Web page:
Morse - Ballard comparison


#1

Below on the left is a 48 Morse stepbase next to a 44 Ballard percussion. My understanding is that we really have no reliable understanding of the origin of the Ballard percussion cartridge or how the Ballard name came to be associated with the cartridge. What is interesting to me is the similarity of the very wide belt on the bullets of each. Both are very securely seated so I don’t know if the Ballard bullet has a groove like the Morse but that is below the case mouth or if they share any other similarities. Does anyone else have an example of such a wide-belted bullet? Just one of those things that makes you go hmmmmmm.


#2

Rich
I am not an expert on bullets but to me they both look like they are healed bullets. what are the case mouth and bullet diameter dimensions?


#3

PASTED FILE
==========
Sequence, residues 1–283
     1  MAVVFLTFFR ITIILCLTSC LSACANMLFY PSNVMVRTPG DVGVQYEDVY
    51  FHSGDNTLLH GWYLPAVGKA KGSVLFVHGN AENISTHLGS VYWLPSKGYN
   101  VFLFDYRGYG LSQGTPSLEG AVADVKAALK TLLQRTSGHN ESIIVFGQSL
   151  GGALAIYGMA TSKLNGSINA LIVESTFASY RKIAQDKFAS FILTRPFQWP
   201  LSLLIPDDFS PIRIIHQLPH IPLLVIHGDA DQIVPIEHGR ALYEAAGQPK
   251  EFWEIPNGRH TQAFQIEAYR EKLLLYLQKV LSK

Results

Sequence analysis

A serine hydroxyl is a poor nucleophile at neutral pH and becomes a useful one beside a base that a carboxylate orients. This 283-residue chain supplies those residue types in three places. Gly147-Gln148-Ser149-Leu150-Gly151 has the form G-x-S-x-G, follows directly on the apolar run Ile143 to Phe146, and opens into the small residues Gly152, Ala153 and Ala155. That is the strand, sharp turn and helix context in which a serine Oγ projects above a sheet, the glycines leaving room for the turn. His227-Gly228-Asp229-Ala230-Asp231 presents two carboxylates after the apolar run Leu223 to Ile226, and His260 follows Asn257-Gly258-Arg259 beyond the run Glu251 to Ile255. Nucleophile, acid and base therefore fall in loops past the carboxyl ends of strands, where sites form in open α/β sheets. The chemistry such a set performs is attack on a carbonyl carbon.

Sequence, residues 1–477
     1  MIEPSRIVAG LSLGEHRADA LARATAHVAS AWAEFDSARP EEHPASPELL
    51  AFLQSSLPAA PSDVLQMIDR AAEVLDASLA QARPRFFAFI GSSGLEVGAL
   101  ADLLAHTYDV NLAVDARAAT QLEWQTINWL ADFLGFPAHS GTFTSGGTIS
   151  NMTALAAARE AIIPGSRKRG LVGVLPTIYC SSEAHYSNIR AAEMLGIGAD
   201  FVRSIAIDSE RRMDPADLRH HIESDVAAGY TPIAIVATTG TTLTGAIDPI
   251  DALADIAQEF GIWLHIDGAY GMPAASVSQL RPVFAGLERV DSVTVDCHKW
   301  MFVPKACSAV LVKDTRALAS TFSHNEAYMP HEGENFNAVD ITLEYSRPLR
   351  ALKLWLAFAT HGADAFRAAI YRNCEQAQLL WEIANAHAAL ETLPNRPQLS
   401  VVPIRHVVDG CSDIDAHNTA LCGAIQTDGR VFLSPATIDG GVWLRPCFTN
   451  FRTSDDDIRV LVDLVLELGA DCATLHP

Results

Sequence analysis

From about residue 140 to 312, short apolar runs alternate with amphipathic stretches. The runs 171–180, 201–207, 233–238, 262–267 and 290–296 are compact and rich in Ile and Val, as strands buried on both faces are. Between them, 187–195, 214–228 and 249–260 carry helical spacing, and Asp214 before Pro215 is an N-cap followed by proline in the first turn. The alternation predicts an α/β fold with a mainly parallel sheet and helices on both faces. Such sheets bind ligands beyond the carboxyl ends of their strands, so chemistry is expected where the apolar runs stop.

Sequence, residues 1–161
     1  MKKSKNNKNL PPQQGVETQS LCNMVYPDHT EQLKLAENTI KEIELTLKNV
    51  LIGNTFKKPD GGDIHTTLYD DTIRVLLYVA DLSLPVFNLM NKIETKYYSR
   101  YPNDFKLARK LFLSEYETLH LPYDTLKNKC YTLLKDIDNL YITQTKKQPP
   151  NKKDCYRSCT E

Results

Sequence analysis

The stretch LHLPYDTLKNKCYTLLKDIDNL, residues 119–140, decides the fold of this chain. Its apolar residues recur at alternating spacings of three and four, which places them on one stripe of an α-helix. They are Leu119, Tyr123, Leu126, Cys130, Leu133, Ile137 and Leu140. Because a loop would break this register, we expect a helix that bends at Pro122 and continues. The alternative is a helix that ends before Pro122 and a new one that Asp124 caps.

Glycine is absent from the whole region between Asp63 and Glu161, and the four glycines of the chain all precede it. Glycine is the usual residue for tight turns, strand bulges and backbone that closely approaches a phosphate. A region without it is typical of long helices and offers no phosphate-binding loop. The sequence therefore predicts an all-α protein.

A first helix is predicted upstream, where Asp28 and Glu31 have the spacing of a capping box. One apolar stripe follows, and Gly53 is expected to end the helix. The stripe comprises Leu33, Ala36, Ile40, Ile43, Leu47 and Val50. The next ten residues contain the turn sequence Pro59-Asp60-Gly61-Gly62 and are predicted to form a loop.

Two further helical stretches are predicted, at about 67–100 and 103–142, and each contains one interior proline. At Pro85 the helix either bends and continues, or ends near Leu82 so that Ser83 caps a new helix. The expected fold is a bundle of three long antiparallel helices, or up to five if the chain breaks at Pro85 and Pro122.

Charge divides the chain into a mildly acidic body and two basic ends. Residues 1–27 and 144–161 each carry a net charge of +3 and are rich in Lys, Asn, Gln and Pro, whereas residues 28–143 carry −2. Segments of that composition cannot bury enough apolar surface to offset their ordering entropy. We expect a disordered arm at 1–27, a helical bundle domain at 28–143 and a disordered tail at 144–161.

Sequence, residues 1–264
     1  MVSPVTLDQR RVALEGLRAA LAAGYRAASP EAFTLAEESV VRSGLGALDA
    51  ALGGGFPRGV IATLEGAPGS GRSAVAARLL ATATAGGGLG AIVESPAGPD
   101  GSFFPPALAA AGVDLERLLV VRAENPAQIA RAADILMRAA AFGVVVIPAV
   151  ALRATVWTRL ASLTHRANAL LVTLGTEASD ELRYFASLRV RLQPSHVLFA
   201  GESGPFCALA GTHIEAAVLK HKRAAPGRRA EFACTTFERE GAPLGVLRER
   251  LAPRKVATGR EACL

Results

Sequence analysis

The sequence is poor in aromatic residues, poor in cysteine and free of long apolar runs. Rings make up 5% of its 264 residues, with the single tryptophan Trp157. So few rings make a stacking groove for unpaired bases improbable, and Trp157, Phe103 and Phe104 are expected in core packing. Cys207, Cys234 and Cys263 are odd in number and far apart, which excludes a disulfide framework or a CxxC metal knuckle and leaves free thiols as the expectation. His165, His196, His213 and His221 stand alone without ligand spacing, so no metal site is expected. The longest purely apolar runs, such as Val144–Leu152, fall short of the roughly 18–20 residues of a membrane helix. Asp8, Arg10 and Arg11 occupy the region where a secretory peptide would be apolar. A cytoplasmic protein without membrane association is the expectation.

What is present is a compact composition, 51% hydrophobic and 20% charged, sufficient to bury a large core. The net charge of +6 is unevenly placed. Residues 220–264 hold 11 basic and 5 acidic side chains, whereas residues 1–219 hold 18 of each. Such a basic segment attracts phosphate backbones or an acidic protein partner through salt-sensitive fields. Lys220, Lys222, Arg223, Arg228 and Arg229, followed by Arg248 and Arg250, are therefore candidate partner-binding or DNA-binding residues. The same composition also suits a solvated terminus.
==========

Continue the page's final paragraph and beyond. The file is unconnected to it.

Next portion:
Rich, it is believed that the cartridge on the right was made for a Ballard breech-Loading rifle with Merwin & Bray’s 1863 patent dual ignition percussion system (rimfire/percussion). In case ammunition was exhausted an empty rim fire case could be modified by punching a hole in the center of the base, loaded with powder and ball, and then ignited by means of a percussion cap. The one in the picture looks like the thin rim brass case variation and it is reported to be loaded with a heel type bullet.


#4

MRT: Morse case mouth is .518, the bullet is .513; Ballard case mouth is .451, the bullet is .446.

Fede: I couldn’t locate the text for the patent you cited, though I found a number of references to that same patent regarding Ballard rifles. I assume the patent was on the firearm rather than a cartridge. I did find reference to the “dual ignition system” being used on Ballard rifles of .22, .32, .38, .44, .46 and .52 caliber. I have never heard of a cartridge of this type in any caliber other than 44. Whether factory or handmade, what doesn’t make sense to me is that the case of the percussion cartridge is a full half inch longer than the rimfire case.

Thanks gents.

Rich